Refractory erosion in iron melting is seldom attributable to mechanical wear. Erosion generally is the aftermath of slag’s chemical attack – chemical reactions between slag and refractory – producing reaction byproducts that enter the slag. The overall effect is refractory’s effective protection layer, the thickness of the refractory lining, is continually eaten away, eventually leading to failure.
Refractory industry ceramic engineers have long used a very precise, real-time method to observe refractory-molten metal interactions via X-ray, and to evaluate refractory resistance to slag attack
The Sessile Drop Test consists of placing a drop of molten iron on a refractory material to be tested, and placing the apparatus into a precisely controlled, high-temperature furnace containing an inert atmosphere where the interface between the droplet and refractory can be continuously viewed by real time x-ray. Initial reactions between the metal and refractory are minimal due to the inert atmosphere. Then, oxygen is added to the atmosphere, which instantly causes iron oxide (FeO) to form on the molten droplet’s surface. Once iron oxide is present, rapid interactions between the molten iron and the refractory begin.
Without iron oxide, chemical reactions between the refractory and the molten iron are very subdued, almost non-existent. Iron oxide is the catalyst that changes everything, which demonstrates iron oxide’s far-reaching role in initiating refractory chemical erosion.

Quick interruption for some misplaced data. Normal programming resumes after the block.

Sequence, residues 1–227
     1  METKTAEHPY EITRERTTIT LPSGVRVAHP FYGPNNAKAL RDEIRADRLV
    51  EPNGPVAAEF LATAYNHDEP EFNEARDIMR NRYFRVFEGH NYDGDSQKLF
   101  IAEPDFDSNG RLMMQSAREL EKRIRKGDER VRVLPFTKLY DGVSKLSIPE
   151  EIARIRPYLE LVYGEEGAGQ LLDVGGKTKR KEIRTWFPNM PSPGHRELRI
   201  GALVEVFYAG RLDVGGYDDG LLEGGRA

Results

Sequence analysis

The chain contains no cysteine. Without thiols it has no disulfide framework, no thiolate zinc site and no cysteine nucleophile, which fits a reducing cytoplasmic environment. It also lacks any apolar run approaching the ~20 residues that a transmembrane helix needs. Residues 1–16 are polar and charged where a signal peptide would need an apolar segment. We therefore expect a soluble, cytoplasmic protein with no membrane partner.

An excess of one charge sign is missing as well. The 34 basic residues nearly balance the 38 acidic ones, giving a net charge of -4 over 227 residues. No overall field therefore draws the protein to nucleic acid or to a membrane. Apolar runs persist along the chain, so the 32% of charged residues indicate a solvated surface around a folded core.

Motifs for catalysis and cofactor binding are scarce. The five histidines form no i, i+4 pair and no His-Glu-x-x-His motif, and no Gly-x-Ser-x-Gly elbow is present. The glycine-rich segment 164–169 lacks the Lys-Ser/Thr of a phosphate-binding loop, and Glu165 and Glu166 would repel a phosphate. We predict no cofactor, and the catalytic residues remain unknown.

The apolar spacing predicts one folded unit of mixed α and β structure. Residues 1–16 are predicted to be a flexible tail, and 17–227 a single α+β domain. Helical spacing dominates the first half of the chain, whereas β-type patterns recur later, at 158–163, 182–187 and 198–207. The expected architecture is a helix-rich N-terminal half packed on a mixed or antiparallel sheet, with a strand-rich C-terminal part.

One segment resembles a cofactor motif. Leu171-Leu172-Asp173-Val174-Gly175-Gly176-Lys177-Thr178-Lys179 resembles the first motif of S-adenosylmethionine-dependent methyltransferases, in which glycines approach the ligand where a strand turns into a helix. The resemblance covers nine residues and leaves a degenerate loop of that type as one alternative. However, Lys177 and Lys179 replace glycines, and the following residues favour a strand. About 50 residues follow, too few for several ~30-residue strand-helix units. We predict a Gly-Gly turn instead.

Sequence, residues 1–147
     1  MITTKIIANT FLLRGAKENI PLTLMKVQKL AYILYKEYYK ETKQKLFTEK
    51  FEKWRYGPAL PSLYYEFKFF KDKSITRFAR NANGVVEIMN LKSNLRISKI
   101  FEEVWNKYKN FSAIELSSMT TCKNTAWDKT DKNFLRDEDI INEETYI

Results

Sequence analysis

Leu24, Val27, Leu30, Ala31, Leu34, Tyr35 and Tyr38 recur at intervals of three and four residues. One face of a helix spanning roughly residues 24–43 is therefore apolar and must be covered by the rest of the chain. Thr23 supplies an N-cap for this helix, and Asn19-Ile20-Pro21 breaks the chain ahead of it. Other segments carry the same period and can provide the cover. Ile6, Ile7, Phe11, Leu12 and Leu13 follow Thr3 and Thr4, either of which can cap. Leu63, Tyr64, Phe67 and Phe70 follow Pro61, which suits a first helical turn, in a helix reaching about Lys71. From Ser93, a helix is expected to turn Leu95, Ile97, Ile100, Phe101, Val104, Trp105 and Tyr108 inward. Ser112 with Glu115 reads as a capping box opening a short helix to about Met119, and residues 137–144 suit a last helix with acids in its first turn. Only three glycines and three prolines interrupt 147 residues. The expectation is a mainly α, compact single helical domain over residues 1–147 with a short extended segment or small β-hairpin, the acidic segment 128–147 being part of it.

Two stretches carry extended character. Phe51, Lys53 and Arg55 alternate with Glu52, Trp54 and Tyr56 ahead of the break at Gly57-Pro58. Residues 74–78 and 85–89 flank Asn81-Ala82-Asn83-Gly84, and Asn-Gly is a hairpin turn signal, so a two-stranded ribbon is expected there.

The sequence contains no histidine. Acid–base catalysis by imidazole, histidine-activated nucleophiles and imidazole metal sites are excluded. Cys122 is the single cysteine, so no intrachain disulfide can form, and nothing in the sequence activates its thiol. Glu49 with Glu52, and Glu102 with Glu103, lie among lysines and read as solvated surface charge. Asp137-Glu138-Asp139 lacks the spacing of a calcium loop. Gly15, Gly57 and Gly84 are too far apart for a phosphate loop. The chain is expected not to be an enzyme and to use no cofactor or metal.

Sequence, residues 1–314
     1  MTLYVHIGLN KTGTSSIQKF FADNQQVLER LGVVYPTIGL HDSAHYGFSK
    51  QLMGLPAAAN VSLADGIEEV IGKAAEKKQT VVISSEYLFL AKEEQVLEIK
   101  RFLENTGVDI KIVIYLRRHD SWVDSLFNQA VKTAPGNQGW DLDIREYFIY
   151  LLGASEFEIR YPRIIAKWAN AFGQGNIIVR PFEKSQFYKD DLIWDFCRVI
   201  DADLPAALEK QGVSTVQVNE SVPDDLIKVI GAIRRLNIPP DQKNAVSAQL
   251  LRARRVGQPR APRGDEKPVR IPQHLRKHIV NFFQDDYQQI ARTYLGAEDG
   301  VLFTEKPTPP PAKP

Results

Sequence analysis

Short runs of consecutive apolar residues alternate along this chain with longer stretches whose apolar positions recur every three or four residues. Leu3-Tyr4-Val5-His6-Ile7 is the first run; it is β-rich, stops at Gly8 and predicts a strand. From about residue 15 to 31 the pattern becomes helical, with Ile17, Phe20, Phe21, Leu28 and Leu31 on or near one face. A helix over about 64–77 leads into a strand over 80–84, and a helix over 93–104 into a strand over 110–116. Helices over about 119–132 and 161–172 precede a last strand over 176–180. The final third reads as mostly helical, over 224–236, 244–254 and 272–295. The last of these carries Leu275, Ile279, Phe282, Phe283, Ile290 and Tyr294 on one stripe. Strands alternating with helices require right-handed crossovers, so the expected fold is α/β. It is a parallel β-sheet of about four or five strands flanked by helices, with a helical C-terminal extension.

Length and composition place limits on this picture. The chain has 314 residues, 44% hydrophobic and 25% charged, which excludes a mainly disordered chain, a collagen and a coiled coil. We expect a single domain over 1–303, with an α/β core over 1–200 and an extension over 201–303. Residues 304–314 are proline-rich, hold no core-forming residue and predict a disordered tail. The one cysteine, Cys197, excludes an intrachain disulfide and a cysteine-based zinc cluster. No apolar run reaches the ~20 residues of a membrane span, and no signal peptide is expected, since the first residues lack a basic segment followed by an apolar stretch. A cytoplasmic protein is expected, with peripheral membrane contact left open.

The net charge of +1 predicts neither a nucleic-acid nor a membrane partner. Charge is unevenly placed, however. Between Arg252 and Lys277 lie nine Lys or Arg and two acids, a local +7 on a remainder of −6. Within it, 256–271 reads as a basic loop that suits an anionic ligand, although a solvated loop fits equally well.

Two-pronged attack — Refractory erosion results from two sources. First, iron oxide overwhelms the refractory’s individual constituents, quickly reacting with those ingredients and converting them into useless slag. This type of iron-oxide attack simply overwhelms refractories regardless of their quality or purity.
Next comes a chemical attack of silica or other impurities within the refractory that affects its overall performance. The precise nature of these attacks is beyond the scope of this analysis, but the chemical reaction’s overall effect on the refractory’s service and performance pales in comparison to iron oxide’s gruesome attack.
Refractory erosion can be effectively stopped, and refractory service life extended to unimaginable lengths, if iron oxide is controlled. Iron oxide-induced attack must be solved before the material’s designed refractoriness can benefit the specific application.
Refractories are blended to incorporate the specific properties of each ingredient. When iron oxide doesn’t steam-roller the application, the specific refractory properties designed into new refractories enhance service life beyond current performance, raising it to new levels.
Cupolas operating with low iron-oxide slag and with specially formulated refractories are setting benchmarks for service life, and the melting personnel endorse this great improvement. With the new refractory and low iron-oxide slag, cupolas can be drained at the end of major campaigns and require no refractory repair. Slag has not built up anywhere, and the small metal-line slag clumps are chipped off quickly and easily. No overnight or weekend repair is needed — unheard of for normal cupola operation.